Privacy & Civil Liberties Oversight Board Invites Public Input
The long-dormant Privacy and Civil Liberties Oversight Board (PCLOB) announced that it will hold its first public meeting next week and it invited members of the public to provide input to help shape the Board’s near-term agenda.
“In anticipation of setting the agenda of issues on which the Board will focus its attention, the Board would welcome the views of nongovernmental organizations and members of the public,” stated a notice in the October 23 Federal Register.
Government Accountability Office Report Debunks Industry Criticism of New Federal Fracking Rules
As of Oct. 15, oil and gas operators must notify the U.S. Environmental Protection Agency (EPA) via e-mail two days in advance of extracting natural gas from a hydraulically fractured or refractured well. This notification requirement is part of EPA’s new Clean Air Act (CAA) standards, which will reduce emissions from volatile organic compounds (VOCs) released during natural gas production by requiring “green completions” after January 2015. Industry opposes the standards, but a new report shows they are crucial to protecting the public.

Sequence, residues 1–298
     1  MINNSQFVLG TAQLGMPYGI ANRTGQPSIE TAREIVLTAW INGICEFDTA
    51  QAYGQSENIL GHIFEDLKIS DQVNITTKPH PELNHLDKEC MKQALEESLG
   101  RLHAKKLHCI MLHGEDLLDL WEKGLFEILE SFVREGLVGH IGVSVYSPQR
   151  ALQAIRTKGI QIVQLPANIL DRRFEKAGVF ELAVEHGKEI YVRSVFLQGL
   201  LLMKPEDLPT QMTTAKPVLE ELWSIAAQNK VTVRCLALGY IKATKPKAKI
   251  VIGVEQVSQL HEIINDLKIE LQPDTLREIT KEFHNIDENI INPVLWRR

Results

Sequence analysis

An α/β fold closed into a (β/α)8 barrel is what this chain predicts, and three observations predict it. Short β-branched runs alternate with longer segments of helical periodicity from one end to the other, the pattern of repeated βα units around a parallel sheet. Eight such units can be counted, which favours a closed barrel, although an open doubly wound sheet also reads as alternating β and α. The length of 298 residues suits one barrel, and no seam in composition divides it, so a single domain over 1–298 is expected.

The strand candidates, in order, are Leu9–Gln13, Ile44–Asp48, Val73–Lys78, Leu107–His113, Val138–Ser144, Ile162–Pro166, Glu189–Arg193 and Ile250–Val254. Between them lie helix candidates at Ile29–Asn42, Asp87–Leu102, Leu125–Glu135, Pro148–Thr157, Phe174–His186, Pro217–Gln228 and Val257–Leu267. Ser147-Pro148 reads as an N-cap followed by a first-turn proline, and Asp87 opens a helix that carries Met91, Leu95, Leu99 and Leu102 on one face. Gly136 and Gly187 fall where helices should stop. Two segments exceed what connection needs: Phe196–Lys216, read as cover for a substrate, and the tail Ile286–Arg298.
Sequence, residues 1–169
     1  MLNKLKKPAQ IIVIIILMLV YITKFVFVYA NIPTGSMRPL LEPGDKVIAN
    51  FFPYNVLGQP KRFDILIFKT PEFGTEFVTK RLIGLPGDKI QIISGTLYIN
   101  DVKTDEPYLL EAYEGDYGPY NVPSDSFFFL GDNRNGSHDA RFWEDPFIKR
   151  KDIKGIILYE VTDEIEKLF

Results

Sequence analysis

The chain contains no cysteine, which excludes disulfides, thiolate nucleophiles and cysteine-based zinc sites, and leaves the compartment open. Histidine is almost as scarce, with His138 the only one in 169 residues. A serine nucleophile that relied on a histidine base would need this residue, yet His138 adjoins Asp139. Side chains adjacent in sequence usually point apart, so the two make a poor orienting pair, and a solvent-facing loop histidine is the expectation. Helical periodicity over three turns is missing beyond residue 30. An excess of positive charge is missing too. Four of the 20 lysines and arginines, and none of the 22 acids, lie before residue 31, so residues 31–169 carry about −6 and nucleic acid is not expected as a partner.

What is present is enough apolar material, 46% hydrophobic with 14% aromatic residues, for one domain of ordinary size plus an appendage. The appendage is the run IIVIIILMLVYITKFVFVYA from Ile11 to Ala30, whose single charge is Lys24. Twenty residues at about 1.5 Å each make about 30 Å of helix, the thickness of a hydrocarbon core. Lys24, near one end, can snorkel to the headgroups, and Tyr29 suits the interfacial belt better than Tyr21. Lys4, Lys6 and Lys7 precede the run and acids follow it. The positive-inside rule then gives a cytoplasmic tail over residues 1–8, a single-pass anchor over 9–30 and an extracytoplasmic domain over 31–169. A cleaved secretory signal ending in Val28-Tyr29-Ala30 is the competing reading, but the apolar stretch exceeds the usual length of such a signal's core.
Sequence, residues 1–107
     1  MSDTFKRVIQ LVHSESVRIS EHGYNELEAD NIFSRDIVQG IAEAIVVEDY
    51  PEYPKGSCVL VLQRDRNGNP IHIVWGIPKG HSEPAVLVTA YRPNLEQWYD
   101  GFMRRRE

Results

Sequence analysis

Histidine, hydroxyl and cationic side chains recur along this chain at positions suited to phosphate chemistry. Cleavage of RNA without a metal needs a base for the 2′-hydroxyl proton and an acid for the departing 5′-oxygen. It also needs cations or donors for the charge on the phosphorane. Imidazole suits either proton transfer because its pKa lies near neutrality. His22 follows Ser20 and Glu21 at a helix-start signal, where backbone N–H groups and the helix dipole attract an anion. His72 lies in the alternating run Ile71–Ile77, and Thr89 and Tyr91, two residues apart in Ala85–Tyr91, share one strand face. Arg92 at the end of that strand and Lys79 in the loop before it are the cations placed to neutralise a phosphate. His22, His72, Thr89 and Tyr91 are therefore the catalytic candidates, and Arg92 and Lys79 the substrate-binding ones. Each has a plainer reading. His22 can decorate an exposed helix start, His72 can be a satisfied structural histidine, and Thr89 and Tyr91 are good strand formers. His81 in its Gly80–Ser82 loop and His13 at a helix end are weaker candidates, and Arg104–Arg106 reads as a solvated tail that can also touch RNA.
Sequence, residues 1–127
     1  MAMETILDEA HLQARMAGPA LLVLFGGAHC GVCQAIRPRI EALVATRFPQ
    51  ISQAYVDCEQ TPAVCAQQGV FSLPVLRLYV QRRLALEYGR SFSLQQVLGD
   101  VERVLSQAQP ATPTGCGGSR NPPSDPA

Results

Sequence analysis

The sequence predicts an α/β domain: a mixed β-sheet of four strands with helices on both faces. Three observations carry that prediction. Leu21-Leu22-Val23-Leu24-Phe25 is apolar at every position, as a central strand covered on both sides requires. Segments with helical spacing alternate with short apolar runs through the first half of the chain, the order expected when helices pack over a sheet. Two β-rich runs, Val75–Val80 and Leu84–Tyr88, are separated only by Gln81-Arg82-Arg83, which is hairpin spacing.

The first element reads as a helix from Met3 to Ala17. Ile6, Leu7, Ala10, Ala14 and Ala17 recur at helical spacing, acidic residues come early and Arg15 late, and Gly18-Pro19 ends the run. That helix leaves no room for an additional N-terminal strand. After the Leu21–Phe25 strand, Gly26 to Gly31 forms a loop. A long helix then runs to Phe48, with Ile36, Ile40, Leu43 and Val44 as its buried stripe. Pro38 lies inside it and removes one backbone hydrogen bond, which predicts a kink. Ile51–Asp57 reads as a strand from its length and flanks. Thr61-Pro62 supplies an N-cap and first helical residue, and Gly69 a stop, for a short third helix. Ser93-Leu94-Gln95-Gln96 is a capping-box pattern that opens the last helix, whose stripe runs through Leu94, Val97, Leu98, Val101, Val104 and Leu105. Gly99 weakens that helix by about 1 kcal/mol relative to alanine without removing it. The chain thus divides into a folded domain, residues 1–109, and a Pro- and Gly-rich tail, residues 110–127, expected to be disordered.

The oil and gas industry appears to be ramping up its lobbying efforts to dismantle the new rule, beginning with criticism of the advance notice requirement that went into effect last week. In particular, drillers are upset that they must send the advance notice to EPA, preferring state regulation of hydraulic fracturing.
Fracking Continues to Expand Rapidly Despite New Evidence of Health Risks